At this point, I installed Zenwalk in a virtual machine. After getting it all set up and started, I was greeted by the same Ncurses installer present in Slackware. I first set the keymap, which was easy enough. Then, I set up the partition layout. That took me a few tries to get right, and it took me a little more time to realize that partitioning and setting an installation target were not the same thing. After that, the rest was fairly straightforward. After the installation of packages, I just ran through the defaults for installing the LILO bootloader, and then restarted once all of that was done. Interestingly enough, I didn't see anything in the installer to add users or set a root password, but more on that later.
After restarting, guess what? This was where I got to set the root password and add users. Though it was again a text-based affair, it was easy enough to do. After that, I logged in, and was greeted by the desktop, which was identical to that of the live session save the wallpaper; interestingly, the wallpaper in the installed session actually had Zenwalk branding, though the background was still that garish blue.
At this point, I tried using Netpkg, and this time, because I had a root password, it worked fine. I had to refresh the package list a few times and click the filter for packages "not installed" to actually see installable packages. Then, to install a package, I had to right-click it and select the correct menu item; for some reason, the "Install Package" button didn't work. Otherwise, however, it all worked fine; it reminded me of Synaptic Package Manager a bit. In fact, Netpkg even has dependency management where Slackware's package manager does not. I have read that Slackware's package manager doesn't have dependency management so that users can install only the required packages; that said, I am still a relative newbie at this, so forgive me for asking, but isn't the point of a dependency that it's required for another package to work? What's the point of installing dependencies manually when they are required anyway? In any case, I'm glad Netpkg has dependency management.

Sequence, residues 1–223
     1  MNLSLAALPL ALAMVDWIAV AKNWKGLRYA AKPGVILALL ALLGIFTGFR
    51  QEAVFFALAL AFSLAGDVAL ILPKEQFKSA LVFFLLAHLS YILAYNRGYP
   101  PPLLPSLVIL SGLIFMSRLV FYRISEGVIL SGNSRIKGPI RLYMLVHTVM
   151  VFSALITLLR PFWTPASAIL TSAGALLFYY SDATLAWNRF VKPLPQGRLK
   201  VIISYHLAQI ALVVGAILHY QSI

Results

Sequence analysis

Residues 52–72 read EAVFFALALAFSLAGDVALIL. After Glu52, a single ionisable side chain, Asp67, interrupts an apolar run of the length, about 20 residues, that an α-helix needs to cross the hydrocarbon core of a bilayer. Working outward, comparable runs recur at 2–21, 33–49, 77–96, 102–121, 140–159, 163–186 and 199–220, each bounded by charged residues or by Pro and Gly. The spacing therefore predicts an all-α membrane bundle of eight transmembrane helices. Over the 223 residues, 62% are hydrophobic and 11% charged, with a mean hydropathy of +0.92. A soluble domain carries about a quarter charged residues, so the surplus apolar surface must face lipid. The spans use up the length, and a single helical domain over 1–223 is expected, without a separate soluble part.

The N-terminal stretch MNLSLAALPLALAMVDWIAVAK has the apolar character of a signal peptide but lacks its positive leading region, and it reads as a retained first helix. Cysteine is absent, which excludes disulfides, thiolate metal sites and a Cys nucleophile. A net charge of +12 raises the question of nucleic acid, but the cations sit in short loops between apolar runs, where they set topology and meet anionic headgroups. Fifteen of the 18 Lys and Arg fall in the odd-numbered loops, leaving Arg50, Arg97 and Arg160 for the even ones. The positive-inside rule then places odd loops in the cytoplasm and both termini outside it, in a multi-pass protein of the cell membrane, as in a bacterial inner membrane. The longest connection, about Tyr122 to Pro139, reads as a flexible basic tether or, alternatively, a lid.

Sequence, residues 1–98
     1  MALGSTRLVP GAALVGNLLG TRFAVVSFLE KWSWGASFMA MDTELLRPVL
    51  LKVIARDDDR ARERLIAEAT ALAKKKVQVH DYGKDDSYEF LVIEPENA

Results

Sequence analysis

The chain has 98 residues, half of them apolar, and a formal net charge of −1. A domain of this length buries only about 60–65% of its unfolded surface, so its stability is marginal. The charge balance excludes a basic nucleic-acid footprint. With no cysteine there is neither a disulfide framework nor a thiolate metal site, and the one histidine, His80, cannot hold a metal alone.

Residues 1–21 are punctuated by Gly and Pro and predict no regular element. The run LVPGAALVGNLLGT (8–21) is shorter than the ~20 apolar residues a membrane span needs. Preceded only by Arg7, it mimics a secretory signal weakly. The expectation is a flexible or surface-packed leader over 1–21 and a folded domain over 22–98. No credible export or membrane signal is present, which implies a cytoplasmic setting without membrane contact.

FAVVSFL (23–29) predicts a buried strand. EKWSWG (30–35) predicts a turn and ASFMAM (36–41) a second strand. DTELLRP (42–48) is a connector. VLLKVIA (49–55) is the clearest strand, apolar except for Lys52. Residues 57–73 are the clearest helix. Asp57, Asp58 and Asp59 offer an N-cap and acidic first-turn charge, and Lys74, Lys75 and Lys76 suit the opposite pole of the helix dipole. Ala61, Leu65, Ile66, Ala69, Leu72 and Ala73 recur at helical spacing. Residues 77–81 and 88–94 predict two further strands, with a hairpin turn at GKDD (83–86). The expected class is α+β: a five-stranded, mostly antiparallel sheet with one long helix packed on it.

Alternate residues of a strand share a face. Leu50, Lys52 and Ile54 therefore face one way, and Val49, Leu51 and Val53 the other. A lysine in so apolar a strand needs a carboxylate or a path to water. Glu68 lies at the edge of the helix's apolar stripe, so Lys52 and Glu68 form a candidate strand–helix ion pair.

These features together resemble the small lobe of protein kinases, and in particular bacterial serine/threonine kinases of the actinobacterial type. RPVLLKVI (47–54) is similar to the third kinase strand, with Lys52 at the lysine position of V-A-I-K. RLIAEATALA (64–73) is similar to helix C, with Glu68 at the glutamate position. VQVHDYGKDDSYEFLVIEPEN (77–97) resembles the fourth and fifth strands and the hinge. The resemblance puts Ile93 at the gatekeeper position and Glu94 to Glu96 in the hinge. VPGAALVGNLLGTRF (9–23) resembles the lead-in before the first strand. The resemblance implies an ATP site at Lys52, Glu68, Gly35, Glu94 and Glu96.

The package that I installed was Skype, present thankfully at version 220.127.116.11, though I was in VirtualBox. Surprisingly, I was able to hear the test sound correctly, and even better, I was able to record and hear my own voice! That said, the webcam wasn't recognized in VirtualBox, but I wasn't expecting that anyway. And with that, my time with Zenwalk ended.
So what's the verdict? It certainly is relatively user-friendly, and much more so than Slackware. It's stable, and it definitely minimizes package redundancy. That said, it isn't as fast as advertised, and the French and Japanese issues were annoying, considering that I thought I was downloading an English live medium (and I thought there would be different live media for different languages). Those are minor issues, though, and while I wouldn't recommend it for a newbie, I would recommend it for anyone who wants the stability of Slackware without the hassle. Zenwalk isn't the only kid in town, though; other Slackware-based user-friendly distributions with Xfce include Wolvix, Salix OS, and Vector Linux, so please do check those out too. You can the download Zenwalk install CD from here or the live CD from here.